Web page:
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Terri Friedline

(University of Pittsburgh; email:
4200 Fifth Avenue 2117 Cathedral of Learning; Pittsburgh, PA 15206; Phone 814-521-2260; Fax 412-624-6323

Terri Friedline is a PhD Candidate at the University of Pittsburgh's School of Social Work and a Research Fellow at the New American Foundation in Washington, DC. She also holds an MSW from the University of Pittsburgh and a BSW from Messiah College. Ms. Friedline's research focuses on interventions and related theories for improving children's life outcomes, particularly for children from disadvantaged backgrounds. Along these lines, Ms. Friedline's work explores how children come to have savings accounts and whether their continued savings leads to improved long-term financial and educational outcomes. Her current research examines these relationships by employing advanced quantitative methods with longitudinal, secondary data. Ms. Friedline also collaborates with the U.S. Department of Education on its national GEAR UP initiative that aims to improve college attendance and graduation rates for children from disadvantaged backgrounds. As part of this collaboration, she is working to analyze data from GEAR UP initiatives nationwide and to consult on how future GEAR UP initiatives might incorporate and design children's savings interventions.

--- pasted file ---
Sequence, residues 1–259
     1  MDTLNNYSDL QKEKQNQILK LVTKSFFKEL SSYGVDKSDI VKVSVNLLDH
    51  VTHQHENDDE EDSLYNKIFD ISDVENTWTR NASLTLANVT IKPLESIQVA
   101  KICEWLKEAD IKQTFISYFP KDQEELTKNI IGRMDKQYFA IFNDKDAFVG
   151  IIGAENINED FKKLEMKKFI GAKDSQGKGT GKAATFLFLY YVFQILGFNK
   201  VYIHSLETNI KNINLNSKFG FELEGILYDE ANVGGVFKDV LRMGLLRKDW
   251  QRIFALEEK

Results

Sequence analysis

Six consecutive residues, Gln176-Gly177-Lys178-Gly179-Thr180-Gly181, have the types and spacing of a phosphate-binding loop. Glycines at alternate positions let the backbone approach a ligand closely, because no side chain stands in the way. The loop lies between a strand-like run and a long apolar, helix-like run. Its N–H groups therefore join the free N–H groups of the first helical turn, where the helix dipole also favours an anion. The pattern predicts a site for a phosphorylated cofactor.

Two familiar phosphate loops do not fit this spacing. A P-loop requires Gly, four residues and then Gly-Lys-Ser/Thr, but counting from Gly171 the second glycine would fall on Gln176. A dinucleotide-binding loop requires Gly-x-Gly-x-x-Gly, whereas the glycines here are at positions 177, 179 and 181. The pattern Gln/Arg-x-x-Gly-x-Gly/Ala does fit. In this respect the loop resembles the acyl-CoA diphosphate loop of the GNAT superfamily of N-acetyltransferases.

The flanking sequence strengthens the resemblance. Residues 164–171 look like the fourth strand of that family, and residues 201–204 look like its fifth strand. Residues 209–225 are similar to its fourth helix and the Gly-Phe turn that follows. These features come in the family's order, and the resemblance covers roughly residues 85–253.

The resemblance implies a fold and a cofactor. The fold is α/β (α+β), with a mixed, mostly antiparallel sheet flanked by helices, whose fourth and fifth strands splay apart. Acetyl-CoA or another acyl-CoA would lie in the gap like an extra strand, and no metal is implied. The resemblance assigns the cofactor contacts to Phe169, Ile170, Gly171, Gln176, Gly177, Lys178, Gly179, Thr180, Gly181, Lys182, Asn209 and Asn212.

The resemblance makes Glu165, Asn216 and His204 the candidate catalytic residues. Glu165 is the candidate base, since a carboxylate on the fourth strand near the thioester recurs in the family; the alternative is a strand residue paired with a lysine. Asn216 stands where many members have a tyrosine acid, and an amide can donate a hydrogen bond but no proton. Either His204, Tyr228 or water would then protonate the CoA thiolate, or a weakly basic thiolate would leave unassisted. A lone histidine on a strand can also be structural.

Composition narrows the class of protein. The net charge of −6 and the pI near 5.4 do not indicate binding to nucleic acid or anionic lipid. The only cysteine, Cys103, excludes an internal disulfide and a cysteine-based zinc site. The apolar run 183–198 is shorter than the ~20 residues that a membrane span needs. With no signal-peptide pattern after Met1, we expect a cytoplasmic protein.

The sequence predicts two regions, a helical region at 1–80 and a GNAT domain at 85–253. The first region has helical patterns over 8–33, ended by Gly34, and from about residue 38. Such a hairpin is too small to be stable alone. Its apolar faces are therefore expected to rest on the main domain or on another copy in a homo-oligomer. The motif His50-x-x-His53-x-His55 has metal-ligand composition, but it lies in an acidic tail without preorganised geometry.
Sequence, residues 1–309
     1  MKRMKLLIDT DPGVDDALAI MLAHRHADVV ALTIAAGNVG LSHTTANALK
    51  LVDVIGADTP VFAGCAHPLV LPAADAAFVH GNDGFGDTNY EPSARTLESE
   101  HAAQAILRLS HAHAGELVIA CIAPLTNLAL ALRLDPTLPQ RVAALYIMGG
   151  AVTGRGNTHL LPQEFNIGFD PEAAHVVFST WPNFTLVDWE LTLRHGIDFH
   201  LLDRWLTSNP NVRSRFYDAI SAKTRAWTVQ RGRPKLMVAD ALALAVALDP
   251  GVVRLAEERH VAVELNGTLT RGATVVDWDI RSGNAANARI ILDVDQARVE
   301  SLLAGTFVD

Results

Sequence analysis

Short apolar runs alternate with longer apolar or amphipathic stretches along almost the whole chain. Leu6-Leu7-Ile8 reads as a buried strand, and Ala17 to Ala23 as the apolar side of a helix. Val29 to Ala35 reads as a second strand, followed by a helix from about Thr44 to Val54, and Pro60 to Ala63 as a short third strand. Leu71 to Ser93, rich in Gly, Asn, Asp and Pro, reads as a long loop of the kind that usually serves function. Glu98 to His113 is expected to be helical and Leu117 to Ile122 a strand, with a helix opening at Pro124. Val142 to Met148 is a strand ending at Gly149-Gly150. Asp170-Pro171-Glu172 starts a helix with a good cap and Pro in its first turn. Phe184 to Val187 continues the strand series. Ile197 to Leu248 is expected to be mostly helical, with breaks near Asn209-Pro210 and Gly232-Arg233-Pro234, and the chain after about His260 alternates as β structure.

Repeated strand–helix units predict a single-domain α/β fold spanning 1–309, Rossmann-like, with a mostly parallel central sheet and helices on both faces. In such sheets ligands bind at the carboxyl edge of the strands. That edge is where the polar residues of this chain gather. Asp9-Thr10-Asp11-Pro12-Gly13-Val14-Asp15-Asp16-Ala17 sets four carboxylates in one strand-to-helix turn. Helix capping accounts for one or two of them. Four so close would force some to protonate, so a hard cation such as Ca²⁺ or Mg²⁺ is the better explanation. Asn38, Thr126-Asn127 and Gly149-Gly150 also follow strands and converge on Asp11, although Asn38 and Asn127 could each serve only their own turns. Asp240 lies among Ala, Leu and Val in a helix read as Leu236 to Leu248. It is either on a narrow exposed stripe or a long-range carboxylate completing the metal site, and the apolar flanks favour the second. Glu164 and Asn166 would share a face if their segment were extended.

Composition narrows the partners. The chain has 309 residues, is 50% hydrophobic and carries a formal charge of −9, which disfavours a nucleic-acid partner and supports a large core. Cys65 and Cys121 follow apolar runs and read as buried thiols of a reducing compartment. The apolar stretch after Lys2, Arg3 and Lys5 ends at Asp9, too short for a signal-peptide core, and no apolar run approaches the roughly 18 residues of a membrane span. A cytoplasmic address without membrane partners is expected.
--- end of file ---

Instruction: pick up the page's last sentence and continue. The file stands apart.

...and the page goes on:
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Michal Grinstein-Weiss

(University of North Carolina; email:
325 Pittsboro Street-CB 3550, Chapel Hill, NC 27599; Phone 919-962-6446; Fax 919-843-8715

Michal Grinstein-Weiss is an Associate Professor at The University of North Carolina at Chapel Hill, School of Social Work and the Founding Director of the Assets-Building Research Group. She a leading researcher in the asset-building field and is an influential voice in the design of policies aimed at increasing child savings, both in the United States and internationally. Grinstein-Weiss is the Principal Investigator for a 10-year follow-up study of the American Dream Demonstration (ADD), the first large-scale test of Individual Development Accounts (IDAs). In addition, she is working on innovative tax refund savings programs such as the $aveNYC program and the Refund to Savings Initiative. Her research has been supported by the U.S. Department of Housing and Urban Development, U.S. Department of Health and Human Services, several leading national research centers, and numerous philanthropic foundations. Recently, Grinstein-Weiss was selected as the winner of the 2011 Society for Social work and Research Deborah K. Padgett Early Career Achievement Award. Grinstein-Weiss received a Ph.D. in Social Work at George Warren Brown School of Social Work at Washington University in St. Louis and a master’s degree in economics from the University of Missouri, St. Louis.

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Mike Hock

(Associate Director, KU Center for Research on Learning; email:
1122 West Campus Road, Lawrence, KS 66044; Phone 785-864-4780